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Chilli plant leaf curling

The leaf of my green chilli plant keep curling and wither away. I have tried treatment with neem oil pesticide /fungicide but it does not show any improvement

The plant does not flower / produce chillis

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    Maybe there are too many plants in a pot. When the plantlets grow two true leaves (after the initial two that are cotyledons), you may prick them out and keep only a few. The closest chili that I grew in a pot where spaced at 10 cm and each of them has produced 4-6 fruits, with no fertilizer at all. Of course the soil was exhausted, but I didn't care because chili are annual crops in my zone and I discarded them after fruiting. If you plan to grow perennial chili, you should fertilize with appropriate solutions depending on the development phase of the plants. – Alina Dec 29 '16 at 10:39
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    Nitrogen is useful for developing vegetative growth (leaves, stems). When the plants are fully grown, you should apply fertilizer with low levels of nitrogen and high levels of potassium, because not enough potassium results in little or no flowers. Another important thing is to water the plants on a regular schedule, every 2-3 days, because drought followed by overwatering stresses the plants and leads to the deformation of the leaves that cannot cope with the sudden water intake. – Alina Dec 29 '16 at 10:51
  • How big are the pots or containers? What temperatures do you have currently where you are? – Bamboo Dec 29 '16 at 19:58
  • Closely examine the leaves for pests. Even though you've been spraying it may not mean you've killed the buggers. – Graham Chiu Jan 15 '17 at 19:38
  • What are you or have you done with fertilizer? Yes you need fertilizer and keep the N percentage lower than P and K percentages or at least equal. Do you own a magnifying glass? Please look at the leaves, the undersides and the stems for tiny mites or flies. What are you watering with? Tap water? I am seeing an awful lot of salt damage and if you aren't fertilizing it is because you've got high salts in your tap water...chlorine, fluorine...heavy metals...You HAVE to fertilize. There are great extended release organic fertilizers but for newbies Osmocote is super! – stormy Jan 21 '17 at 0:05
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Spider mites are a possibility. They might not respond to an insecticide, as they're not insects (I'm not sure about neem oil). They're pretty hard to eliminate (but the plants should do better after being transplanted outside, if you're going to do that). Reinfection from other plants (including houseplants) in the area is likely, even if they don't show symptoms.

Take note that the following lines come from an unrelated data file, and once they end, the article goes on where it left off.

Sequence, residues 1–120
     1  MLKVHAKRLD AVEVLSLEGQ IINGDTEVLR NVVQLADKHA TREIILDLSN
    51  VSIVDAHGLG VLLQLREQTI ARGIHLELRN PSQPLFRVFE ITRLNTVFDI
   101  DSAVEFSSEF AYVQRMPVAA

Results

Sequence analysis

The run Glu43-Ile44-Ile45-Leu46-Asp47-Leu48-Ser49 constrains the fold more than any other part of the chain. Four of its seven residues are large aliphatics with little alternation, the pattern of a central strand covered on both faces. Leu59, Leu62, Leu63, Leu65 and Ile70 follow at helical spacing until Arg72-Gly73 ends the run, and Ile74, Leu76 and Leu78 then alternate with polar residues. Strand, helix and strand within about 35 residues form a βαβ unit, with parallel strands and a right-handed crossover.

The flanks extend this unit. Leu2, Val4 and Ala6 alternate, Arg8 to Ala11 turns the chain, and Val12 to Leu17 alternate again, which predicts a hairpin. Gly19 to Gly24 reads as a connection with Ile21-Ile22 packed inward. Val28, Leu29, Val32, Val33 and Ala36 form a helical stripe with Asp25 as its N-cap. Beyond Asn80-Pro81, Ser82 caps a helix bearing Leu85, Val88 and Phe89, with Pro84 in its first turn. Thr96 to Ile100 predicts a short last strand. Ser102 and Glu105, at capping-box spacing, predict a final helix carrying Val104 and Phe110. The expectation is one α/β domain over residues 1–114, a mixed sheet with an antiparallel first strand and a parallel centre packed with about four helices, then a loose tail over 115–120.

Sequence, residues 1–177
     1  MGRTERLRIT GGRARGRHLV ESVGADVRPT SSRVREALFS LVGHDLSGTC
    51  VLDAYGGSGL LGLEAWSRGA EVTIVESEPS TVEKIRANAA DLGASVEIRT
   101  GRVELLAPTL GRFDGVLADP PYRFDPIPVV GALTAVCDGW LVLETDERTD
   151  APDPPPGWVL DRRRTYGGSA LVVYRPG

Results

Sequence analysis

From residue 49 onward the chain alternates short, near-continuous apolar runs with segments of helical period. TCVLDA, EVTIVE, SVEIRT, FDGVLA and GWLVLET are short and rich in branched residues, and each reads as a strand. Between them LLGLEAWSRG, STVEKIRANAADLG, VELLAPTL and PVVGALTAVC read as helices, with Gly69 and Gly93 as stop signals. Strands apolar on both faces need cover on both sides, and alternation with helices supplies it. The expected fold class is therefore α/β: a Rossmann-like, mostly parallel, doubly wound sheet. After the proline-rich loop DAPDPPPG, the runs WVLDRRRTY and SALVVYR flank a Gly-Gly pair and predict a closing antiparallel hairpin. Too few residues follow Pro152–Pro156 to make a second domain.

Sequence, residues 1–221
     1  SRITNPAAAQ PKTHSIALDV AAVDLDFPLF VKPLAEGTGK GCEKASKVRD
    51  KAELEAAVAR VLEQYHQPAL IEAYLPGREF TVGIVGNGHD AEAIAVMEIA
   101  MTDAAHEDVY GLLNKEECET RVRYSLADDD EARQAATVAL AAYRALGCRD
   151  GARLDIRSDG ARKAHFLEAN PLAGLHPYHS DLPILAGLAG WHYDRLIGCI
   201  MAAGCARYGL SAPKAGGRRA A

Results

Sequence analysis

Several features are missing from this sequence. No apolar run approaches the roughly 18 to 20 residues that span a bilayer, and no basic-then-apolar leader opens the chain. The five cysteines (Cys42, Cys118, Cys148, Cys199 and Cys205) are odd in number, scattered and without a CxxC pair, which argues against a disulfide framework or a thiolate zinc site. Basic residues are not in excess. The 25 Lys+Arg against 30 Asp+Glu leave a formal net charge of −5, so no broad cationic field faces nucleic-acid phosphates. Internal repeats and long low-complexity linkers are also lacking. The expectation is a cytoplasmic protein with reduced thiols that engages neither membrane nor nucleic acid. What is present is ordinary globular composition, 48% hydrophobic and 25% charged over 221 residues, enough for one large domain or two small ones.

If you have multiple plants per pot, or multiple pots of plants close to each other, that can contribute to foliar problems. I experienced this a lot in 2015 when I was starting my plants inside (to transplant out later, in the spring). Plants (especially indoor ones) enjoy space and ventilation. A fan in the room should also help, if you have packed foliage. Ventilation helps to keep fungus to a minimum. It helps to keep the leaves dry.

If your room is too warm, that can cause foliar problems, too. Plants like warmth, but it's not always the best thing for them (in my experience). If you can keep the soil warm (e.g. with a heat mat) without warming the whole room, you may get the best of both worlds.

If you want lots of peppers, I recommend planting only one plant per pot, giving it a larger pot (with the right nutrients in the soil), and make sure it gets plenty of light. It looks like your window is bright, which is nice.

Variety is also important. For indoor peppers, unless you have sufficient supplemental lighting, you'll probably want to go with plants that can do well in the shade, like Grandpa's Home or Ring of Fire. Some varieties may resist these foliar issues and/or pests more than other varieties, too.

There are other important factors, and I'm not aware of them all, but I'm guessing healthy soil microbes probably play a big role, too.

Adding extra potassium can indeed help to strengthen indoor plants (provided the soil isn't already abundant in it). Phosphorus is supposed to help plants mature faster; phosphorus is also supposed to help with flowering.

For mature plants, you'll want to make sure you're not still using a seed-starting mix, or you'll likely never get much, if any, fruit. Seed-starting mix is depleted of nutrients. I'm not sure what soils are best for encouraging fruit for peppers indoors, but I do know the soil you pick can make a big difference.

In my experience, plants don't respond to nutrients the same way indoors as they do outdoors. So, that's another challenge to getting fruit indoors. There doesn't seem to be a plethora of research regarding getting much fruit on plants indoors, unless you're talking about hydroponic gardening with artificial lighting and such. So, maybe you can help pioneer the research (be it anecdotal or otherwise).

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spraying pesticide when the plant is stressed due to lack of complete nutrition and/or lack of water(?) will only stress it more. use a complete fertilizer with all major and minor elements not missed out. i myself tend to forget about fert after the spring zealousness.

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You don't mention the temperatures where you are. I have experienced these situations (and worse) when the temperature drops below freezing. The amount of damage can range from falling leaves to the plant dying if the temperatures go too low.

Another possibility is if you have been growing these plants for a while and never fertilized it. That can cause similar effects.

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